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Thread: fictoid

  1. #1
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    fictoid

    fictoid

    A fictoid is a bit of fictional history, making a statement or telling a story in one sentence. A typical fictoid tells who did what, when and where. A fictoid may even be partially true, but is never entirely true, or it would be a factoid. In fact, a fictoid is just a fictional factoid.
    ~source, www.fictoids.com

    Example: (from the above source)
    The periodic table and the occasional chair are usually credited to 14th century Italian designer Leonardo di Vani, an elementary scientist and part time furniture designer, while his laid-back lover Sophia Lorenzi is said to have inspired the sometimes sofa, now and then known as the day bed.
    Example (by me, slightly more serious):
    "The derivation of the English word posh is from the acronym P.O.S.H. [Port Out, Starboard Home]."
    A huge number of people have heard this a huge number of times and believe it to be true ... but in fact it isn't.

    Which leads me on to the (ahem) Urban Dictionary () definition which is, for once, remarkably good:
    A factoid that is false or unsupported by evidence, but gets into public circulation anyway. Once it is repeated and quoted enough times, it gains a life of its own, and people assume it is true because they get it from multiple sources, even though the original source is flawed or unverified, or the information turns out to be false¹.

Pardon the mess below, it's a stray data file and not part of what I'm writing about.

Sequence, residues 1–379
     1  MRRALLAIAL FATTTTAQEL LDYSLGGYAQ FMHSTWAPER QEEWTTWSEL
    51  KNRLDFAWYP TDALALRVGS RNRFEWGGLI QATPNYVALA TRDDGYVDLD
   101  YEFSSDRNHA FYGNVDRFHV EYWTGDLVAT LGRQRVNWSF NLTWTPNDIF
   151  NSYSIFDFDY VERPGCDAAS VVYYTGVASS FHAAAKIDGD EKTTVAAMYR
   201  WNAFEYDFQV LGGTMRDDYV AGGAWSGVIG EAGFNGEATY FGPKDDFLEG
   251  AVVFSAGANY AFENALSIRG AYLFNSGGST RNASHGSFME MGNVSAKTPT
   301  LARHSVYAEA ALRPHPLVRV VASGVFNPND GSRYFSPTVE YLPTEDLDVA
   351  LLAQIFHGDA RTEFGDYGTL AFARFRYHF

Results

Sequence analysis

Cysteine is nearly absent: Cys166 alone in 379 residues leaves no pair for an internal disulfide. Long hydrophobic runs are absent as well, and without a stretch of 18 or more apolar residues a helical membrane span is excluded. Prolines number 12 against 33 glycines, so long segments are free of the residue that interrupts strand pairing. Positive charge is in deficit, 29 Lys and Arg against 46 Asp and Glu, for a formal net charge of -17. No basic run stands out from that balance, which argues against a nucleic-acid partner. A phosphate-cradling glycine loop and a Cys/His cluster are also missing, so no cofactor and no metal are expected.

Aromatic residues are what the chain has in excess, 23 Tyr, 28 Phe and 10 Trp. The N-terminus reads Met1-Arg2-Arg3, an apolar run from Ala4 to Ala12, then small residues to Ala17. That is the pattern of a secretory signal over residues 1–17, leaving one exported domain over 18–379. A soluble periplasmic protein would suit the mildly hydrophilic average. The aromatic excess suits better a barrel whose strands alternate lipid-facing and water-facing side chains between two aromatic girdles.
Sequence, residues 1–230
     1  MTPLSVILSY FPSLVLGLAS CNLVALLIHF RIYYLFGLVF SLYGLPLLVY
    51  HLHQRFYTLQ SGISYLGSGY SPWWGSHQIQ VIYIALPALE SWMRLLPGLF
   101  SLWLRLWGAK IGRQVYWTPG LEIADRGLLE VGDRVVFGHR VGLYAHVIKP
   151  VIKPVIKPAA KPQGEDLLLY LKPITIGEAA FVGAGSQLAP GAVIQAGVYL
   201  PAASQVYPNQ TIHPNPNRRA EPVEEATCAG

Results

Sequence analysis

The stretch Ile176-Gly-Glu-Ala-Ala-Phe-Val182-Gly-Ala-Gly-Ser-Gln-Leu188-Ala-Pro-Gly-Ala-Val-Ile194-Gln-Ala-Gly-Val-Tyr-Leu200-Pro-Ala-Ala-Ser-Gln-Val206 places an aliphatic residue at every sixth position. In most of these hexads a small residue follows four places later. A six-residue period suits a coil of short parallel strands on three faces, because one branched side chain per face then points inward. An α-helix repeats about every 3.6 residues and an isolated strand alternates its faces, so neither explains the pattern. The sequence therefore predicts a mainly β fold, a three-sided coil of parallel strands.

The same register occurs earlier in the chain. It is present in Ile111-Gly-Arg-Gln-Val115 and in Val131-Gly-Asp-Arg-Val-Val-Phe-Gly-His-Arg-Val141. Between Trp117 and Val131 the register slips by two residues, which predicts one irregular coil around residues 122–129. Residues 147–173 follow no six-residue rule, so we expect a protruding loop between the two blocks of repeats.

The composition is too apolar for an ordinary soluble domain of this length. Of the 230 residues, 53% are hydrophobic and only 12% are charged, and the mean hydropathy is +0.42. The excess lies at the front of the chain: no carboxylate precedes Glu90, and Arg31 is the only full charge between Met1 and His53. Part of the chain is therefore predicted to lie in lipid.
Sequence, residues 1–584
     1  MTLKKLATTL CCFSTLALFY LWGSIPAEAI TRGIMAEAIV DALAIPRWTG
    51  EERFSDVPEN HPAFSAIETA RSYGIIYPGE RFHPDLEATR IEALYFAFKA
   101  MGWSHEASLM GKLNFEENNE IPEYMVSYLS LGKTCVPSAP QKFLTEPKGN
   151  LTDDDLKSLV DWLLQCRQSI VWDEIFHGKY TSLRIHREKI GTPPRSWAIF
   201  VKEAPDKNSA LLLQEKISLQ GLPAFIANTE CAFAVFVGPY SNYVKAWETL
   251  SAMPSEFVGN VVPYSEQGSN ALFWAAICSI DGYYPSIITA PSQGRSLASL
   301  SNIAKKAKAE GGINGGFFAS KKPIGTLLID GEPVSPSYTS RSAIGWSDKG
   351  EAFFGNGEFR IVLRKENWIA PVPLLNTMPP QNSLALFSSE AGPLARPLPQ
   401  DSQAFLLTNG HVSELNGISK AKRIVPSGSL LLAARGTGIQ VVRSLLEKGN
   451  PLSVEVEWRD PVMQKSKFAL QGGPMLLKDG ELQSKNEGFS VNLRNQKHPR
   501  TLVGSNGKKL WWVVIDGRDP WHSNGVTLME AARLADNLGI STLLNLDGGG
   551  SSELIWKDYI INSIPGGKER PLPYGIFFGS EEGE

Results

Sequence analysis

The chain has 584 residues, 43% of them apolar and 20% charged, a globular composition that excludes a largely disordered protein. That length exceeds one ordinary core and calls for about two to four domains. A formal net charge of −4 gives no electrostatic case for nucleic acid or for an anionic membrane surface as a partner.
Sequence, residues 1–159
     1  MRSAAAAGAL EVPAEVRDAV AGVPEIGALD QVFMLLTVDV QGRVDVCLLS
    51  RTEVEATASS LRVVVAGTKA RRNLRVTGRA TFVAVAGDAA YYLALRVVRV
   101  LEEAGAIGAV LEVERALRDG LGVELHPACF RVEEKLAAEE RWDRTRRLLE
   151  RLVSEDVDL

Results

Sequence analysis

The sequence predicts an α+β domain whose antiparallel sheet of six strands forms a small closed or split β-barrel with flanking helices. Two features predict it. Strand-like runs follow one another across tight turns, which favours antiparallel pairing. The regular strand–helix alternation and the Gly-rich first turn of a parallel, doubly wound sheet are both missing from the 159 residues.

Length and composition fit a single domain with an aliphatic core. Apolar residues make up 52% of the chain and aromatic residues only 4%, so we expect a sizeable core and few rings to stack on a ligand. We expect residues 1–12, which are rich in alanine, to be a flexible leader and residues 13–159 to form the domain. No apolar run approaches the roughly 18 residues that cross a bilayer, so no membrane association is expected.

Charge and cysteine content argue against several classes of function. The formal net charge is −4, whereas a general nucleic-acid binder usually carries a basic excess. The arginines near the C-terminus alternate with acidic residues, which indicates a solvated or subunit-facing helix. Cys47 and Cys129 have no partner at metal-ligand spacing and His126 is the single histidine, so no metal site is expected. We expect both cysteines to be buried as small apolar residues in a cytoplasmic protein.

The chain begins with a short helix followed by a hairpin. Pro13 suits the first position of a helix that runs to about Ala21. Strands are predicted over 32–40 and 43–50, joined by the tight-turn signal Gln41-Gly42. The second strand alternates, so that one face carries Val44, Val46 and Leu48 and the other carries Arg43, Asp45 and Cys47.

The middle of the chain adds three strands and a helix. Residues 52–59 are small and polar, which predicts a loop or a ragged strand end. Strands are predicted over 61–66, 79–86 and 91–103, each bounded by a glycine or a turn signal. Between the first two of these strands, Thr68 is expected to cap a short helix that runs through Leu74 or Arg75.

¹ In a way (if you're a bit of a cynic) this could be said to be the basis of the entire internet ... and much of what passes for Wikipedia-based modern 'journalism'.
    Last edited by ewie; 2nd February 2012 at 7:45 PM. Reason: ooh get you
    Edit yourself ~ its less embarassing than someone else doing it for you,

  2. #2
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    Re: fictoid

    I think the owner of the site has changed the most common definitions of "factoid" so that his "fictoid" sounds more different than it is (and perhaps so he can trademark the name of his book). Factoids are frequently false or partially false, and he's implying that factoids are always true.
    Here's something I saw posted on Facebook yesterday:
    "The father of the members of The Band Perry is Steve Perry."
    This is true, but it's not the famous Steve Perry (lead singer of Journey) so it's also kind of false (the person posting it went on to make fun of her husband for not knowing who Steve Perry is). Factoid or fictoid?

  3. #3
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    Re: fictoid

    Ah well, Myri, I've always understood a factoid to be something that is true ... but which no-one knows. Mind you, I can't say I'm all that well-acquainted with either term, to be honest.
    Edit yourself ~ its less embarassing than someone else doing it for you,

  4. #4
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    Re: fictoid

    I'd always thought that a factoid was true but trivial - like knowing how many litres of air a bumble will breathe in its lifetime. Wikipedia however says that originally "Mailer described a factoid as "facts which have no existence before appearing in a magazine or newspaper",[3] and created the word by combining the word fact and the ending -oid to mean "similar but not the same". But that the meaning has changed over time to mean pretty much what ewie and I thought.

    I suppose if there is flux over the definition of "factoid" it's a bit difficult to define "fictoid" presuming it's built on it. I would have assumed on reading "fictoid" that it meant a piece of trivia widely believed but ultimately false, such as the "fact" you can see the great wall of China from the moon. I like Myridon's example of something which is strictly speaking true, but nonetheless misleading.
    ‘If a chap can’t compose an epic poem while he is weaving a tapestry, he had better shut up.' William Morris.

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